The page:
Cattlemen's Day, 2004; Kansas Agricultural Experiment Station contribution; no. 04-242-S; Report of progress (Kansas State University. Agricultural Experiment Station and Cooperative Extension Service); 923; Beef; Bovine spongiform encephalopathy
Bovine Spongiform Encephalopathy, commonly called "mad cow disease" by members of the media, found its way into the United States and was diagnosed in December, 2003, in a Holstein dairy cow of Canadian origin. A significant disruption to the beef cattle industry immediately followed the announcement of this finding; within a matter of weeks, however, a degree of normalcy began to return to the industry. When consumers and cattle producers alike learned of the extensive firewall system that had been put in place years earlier by the USDA and the FDA to reduce the likelihood of entry of this disease into the nation's cow herd and into the human food supply, coupled with immediate further tightening of the control program requirements, their confidence that the threat of this disease was being handled properly was heightened.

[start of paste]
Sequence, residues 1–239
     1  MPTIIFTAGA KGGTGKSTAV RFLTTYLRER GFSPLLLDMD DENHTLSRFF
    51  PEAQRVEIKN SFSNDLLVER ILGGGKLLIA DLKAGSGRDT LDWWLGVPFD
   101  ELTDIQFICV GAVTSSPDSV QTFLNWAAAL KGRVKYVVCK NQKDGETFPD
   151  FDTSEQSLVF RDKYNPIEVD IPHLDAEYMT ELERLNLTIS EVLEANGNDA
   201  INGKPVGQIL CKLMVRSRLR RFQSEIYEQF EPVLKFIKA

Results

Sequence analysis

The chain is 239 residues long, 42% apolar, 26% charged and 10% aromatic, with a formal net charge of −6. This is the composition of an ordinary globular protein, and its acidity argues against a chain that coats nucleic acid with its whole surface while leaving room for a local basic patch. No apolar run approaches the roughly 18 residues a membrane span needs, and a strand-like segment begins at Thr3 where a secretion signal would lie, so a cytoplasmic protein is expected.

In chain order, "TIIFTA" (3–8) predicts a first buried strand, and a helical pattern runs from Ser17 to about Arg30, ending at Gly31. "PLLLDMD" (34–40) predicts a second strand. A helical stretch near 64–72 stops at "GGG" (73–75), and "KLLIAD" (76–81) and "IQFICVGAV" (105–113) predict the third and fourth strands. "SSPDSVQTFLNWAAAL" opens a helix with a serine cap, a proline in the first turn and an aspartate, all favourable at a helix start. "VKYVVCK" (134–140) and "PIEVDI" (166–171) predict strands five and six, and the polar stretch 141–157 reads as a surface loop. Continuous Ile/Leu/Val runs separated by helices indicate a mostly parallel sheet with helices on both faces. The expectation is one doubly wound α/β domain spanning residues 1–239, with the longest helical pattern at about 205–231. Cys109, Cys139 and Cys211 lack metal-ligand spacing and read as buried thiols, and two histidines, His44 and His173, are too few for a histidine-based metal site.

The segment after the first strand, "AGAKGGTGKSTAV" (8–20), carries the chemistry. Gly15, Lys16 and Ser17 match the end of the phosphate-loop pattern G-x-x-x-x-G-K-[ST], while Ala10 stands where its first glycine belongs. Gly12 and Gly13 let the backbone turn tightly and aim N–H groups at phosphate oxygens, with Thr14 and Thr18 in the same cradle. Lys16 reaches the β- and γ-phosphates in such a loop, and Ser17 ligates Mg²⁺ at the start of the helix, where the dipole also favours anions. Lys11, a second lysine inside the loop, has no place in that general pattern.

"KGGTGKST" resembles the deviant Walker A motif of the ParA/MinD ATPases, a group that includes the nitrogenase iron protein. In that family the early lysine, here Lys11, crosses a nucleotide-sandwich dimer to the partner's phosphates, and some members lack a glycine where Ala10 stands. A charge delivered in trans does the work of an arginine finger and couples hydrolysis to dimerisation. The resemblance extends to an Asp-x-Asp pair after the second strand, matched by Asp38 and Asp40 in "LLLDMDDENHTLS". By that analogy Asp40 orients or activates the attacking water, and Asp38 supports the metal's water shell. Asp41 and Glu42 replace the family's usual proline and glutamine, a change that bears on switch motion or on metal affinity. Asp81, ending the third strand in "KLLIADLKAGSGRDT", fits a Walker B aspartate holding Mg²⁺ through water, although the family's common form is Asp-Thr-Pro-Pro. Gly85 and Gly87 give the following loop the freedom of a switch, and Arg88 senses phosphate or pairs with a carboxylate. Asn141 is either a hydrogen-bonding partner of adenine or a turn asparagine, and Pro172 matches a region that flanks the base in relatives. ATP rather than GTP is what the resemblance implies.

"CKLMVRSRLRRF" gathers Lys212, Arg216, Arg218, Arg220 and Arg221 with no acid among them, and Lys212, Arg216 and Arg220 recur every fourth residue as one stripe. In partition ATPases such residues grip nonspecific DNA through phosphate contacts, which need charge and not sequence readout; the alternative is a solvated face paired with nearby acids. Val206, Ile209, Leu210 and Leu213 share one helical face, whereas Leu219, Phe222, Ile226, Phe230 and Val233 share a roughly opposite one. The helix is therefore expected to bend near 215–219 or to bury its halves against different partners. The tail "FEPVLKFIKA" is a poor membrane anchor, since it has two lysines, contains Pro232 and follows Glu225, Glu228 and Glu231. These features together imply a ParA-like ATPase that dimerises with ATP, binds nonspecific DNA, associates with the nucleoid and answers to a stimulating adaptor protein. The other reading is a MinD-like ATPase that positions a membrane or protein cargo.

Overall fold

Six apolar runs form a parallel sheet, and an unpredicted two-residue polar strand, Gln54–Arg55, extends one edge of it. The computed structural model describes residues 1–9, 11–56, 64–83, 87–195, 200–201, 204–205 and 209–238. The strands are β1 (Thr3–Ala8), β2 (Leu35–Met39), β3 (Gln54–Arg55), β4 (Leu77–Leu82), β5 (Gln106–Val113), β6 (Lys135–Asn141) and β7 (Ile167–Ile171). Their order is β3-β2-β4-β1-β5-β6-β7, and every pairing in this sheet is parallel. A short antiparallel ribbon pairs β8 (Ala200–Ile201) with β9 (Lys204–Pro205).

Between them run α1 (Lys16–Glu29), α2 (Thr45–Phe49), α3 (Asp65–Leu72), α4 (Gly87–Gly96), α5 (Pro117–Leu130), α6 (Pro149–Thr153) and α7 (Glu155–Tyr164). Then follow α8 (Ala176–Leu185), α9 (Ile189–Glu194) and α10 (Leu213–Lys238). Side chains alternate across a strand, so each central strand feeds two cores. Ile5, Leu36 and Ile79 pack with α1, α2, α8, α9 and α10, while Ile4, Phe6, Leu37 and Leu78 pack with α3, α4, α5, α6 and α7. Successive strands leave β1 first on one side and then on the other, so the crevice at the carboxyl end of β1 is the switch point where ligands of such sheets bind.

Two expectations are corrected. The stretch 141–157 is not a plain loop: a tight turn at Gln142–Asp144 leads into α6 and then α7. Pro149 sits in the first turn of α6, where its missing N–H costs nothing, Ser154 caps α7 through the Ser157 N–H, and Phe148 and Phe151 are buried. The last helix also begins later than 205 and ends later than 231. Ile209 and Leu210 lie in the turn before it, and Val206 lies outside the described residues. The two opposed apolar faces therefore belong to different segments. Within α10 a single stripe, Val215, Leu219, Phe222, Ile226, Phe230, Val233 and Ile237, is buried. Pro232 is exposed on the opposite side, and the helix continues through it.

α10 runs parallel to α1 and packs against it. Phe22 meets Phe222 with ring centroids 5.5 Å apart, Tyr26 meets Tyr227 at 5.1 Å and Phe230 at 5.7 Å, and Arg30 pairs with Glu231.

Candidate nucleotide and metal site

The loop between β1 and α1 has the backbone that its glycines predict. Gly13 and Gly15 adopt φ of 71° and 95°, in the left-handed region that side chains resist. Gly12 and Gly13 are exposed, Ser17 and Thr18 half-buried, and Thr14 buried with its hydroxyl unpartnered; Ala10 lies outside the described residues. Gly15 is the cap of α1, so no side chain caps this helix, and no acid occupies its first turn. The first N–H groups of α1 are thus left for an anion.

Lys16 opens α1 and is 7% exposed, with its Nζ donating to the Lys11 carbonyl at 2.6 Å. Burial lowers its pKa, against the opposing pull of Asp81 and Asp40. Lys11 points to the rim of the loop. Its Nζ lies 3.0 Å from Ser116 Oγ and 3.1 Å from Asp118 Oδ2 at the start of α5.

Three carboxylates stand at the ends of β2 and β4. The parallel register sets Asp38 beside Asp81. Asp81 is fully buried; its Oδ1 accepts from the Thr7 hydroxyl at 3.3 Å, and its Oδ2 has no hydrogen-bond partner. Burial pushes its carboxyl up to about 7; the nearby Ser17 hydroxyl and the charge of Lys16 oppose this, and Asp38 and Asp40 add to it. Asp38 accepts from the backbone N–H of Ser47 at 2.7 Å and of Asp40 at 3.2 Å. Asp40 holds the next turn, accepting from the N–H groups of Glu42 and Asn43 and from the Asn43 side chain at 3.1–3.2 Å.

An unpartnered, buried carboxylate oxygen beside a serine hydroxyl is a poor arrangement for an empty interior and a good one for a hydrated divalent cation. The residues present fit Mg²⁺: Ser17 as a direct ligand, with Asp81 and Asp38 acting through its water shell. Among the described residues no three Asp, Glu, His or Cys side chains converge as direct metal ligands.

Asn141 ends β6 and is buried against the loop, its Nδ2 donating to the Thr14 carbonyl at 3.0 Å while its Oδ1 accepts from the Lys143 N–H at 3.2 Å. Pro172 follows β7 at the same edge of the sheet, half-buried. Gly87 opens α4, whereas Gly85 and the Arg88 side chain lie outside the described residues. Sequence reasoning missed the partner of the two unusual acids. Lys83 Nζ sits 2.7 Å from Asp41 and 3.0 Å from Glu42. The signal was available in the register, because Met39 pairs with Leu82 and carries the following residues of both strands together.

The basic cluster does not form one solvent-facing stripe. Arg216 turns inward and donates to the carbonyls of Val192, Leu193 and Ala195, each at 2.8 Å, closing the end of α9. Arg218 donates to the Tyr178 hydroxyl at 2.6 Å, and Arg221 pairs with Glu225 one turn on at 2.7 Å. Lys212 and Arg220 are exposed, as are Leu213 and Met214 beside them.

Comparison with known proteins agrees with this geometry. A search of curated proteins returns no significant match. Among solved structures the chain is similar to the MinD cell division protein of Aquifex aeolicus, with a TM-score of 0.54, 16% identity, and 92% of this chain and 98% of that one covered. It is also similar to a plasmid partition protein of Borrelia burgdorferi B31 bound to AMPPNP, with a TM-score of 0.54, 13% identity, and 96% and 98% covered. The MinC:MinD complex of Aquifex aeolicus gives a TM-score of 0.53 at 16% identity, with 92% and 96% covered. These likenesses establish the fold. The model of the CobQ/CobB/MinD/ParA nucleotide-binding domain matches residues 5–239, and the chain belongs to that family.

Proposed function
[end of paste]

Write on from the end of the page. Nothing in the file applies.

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Hollis, Larry C.
"Update on bovine spongiform encephalopathy,"
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